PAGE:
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Global Ambition: 10 Lessons for Entrepreneurs

Posted on Jan 14, 2013 by  | 0 Comments

By Dug Campbell

It might sound great to say that you have global plans for your business. But what does global ambition actually mean? 

Last Tuesday, 200 members of the local high-growth startup community congregated at the Royal Bank of Scotland's Gogarburn Conference Centre for the 'Global Strategies for Ambitious Entrepreneurs' workshop in order to delve deeper into the nuts and bolts of growing your business to the next level.

Speakers Joe Lassiter of Harvard Business SchoolKen Morse and Joe Tree, CEO of Edinburgh-based photo-sharing website Blipfoto took to the stage during an afternoon designed to spark a healthy discussion amongst those in attendance.  

Focusing initially on the early days of disruptive business Airbnb, it was no surprise to find a variety of conflicting opinions around the room in certain areas. It's impossible to completely remove any knowledge that you have, either of a business that has been shown to be an outlier or the development of the business environment over time, when assessing historic decisions made by the founders. 

But whilst the lens may change, most agreed that there are valid lessons for us all from recognising common patterns from companies that will all face similar challenges at an early stage.

On that basis, here's ten lessons from the workshop that you might find interesting:

  • 1. To be globally ambitious, all you need is ambition.

In a nutshell, for most businesses, your current location doesn't matter. Clearly, for those home-grown entrepreneurs based in Scotland must both have a passport and be willing to use it. In some industries, consider establishing a second base in a key location. But...

  • 2. Don't rule out relocating entirely.

When questioned "Why do you rob banks?", notorious US criminal Willie Sutton (supposedly) replied, "Because that's where the money is". Do you truly want to be dominate your sector? If so, you may have to move to where the action is concentrated in your industry in order to access both the necessary funding and, critically, the talent.

  • 3.  The dream of building the next Google must always be balanced by the need to survive the day. 

An entrepreneur does what he or she needs to do to keep the show on the road (and the money coming in). Speaking of which...

  • 4. "I don't make pictures just to make money. I make money to make more pictures" (Walt Disney)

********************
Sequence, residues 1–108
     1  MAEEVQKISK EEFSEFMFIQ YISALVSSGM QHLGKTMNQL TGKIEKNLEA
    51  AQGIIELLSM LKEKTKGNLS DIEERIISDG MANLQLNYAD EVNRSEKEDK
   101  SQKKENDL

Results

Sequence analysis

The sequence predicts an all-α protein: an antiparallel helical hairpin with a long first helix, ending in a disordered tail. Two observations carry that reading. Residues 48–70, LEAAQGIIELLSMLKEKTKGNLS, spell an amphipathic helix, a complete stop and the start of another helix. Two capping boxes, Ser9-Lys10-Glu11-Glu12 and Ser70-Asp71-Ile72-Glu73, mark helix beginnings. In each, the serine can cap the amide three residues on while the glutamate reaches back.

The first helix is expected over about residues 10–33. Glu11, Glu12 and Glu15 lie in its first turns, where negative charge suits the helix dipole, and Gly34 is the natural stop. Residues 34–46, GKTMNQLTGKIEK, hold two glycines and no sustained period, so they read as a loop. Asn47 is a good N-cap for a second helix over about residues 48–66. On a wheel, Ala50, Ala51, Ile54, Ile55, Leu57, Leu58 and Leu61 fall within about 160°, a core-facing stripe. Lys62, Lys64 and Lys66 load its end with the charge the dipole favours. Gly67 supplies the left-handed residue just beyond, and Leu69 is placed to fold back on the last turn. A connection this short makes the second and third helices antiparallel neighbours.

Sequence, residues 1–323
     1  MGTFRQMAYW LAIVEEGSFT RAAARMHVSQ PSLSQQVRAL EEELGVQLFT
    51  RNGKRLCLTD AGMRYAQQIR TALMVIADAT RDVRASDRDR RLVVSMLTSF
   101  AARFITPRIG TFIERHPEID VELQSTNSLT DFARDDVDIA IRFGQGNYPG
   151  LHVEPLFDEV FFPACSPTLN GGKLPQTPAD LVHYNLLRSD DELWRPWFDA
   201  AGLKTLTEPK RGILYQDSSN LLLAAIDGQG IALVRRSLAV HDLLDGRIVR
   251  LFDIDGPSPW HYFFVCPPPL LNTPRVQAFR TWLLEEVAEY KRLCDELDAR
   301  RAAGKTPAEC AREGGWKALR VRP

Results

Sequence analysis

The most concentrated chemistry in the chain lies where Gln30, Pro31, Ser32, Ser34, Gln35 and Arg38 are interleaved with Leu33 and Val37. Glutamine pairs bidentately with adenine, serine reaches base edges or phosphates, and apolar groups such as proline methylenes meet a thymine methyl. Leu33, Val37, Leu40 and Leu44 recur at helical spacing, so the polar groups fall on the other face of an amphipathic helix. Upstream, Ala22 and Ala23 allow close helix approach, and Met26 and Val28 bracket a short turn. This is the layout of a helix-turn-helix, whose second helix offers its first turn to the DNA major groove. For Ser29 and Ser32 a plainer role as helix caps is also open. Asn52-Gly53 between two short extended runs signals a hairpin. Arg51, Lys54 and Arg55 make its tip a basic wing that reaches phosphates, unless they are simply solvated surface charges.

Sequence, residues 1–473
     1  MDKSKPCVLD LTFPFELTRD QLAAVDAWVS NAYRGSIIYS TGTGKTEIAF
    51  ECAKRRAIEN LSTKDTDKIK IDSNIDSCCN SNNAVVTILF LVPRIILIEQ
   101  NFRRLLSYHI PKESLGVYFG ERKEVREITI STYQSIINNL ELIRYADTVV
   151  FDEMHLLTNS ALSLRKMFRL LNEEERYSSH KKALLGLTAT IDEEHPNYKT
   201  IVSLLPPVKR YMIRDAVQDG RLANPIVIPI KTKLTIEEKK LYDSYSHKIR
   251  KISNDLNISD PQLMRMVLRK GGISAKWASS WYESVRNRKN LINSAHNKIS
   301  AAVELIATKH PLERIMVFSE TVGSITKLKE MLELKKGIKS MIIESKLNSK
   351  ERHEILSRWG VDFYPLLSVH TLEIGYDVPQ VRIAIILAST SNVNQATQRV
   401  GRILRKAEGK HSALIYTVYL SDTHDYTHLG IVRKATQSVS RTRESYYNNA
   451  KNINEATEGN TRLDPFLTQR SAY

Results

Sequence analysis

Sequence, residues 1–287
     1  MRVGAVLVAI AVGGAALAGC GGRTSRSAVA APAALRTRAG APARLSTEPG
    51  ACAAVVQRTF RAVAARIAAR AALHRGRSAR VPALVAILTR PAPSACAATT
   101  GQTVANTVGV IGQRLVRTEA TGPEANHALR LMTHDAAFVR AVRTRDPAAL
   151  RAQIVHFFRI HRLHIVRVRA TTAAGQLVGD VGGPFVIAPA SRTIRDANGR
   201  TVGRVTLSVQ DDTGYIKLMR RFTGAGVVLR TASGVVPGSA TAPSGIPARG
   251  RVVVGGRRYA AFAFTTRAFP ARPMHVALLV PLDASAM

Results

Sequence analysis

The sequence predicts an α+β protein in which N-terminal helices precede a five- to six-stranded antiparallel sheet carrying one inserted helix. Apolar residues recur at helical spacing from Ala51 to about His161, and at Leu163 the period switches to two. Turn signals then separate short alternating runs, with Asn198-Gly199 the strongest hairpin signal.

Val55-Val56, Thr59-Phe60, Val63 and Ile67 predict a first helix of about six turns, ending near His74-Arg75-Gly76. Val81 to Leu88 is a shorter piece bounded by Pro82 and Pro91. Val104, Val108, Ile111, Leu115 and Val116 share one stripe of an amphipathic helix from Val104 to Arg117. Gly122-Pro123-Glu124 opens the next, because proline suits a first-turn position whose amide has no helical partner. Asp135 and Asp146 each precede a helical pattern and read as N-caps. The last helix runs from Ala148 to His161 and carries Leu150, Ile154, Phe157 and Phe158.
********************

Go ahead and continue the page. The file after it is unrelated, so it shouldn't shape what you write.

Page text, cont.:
Be passionate about what you're doing - making money should never be your primary motivator. If you enjoy doing something, there can be little downside. Only once you've finished with a business can you answer the question that acts as every entrepreneur's own personal metric: was the time you spent worth it? Financial rewards can only ever form a small part of that answer.

  • 5. Observe the Rebel Alliance: hope is important.

In Ken's view, the number one reason that people give up on their businesses is not because they run out of money - it's because they run out of hope.

  • 6. Always ask for help and always go straight to the best.

In Joe Tree's experience, he's never been turned away yet.

  • 7. Every investor listens to the same radio station: 'WIFM' (What's In It For Me)

Do your research - in depth - before you contact an investor and answer that question clearly. You only have one opportunity to make an impression. Ten hours of reasearch per investor is not unreasonable given how important they are will become to your business. 

  • 8. Understand the differences between incubator models.

There is a tension between those who provide tailored mentoring (such as the TechStars model) and more in-your-face trainers (such as Y Combinator). Joe Lassiter spoke of there being an incubator bubble and that it's now more critical than ever for any aspiring entrepreneur to research the value of the network of a potential incubator before committing your time. After all, time is the only resource, according to Stephen Hawking's view, that is ever truly irreplaceable. 

  • 9. Never bounce ideas around in a vacuum.

Test everything that you develop on your cohort. You can never speak to too many customers (actual or potential) to get feedback on your product or service.

  • 10. Remember the lesson of the pig and the chicken in the kitchen.

Question: in making a ham omelette, what's the difference between the chicken and the pig? Answer: the chicken is involved, but the pig is committed. 

The crucial turning point in Airbnb's history was when the founders committed to throw everything into making the business a success. Commitment is non-negotiable for entrepreneurship (defined by Prof. Howard Stevenson as "the relentless pursuit of opportunity beyond the constraints of the resources currently controlled").   

So there you have it - ten takeaways that I hope at least give you some food for thought if you couldn't make it along. I'd like to thank Andrew Mitchell, for expertly arranging yet another valuable event and also for inviting me along. He consistently brings speakers with world-class entrepreneurial knowledge to Scotland and we all get the benefit of his hard work in doing so.   

What are your thoughts? Were you at the workshop and found any other points more useful than those I've summarised above? Or perhaps you disagree with some of the observations - if so, what's your experience? As ever, I'd be delighted to hear from you in the comment section below.

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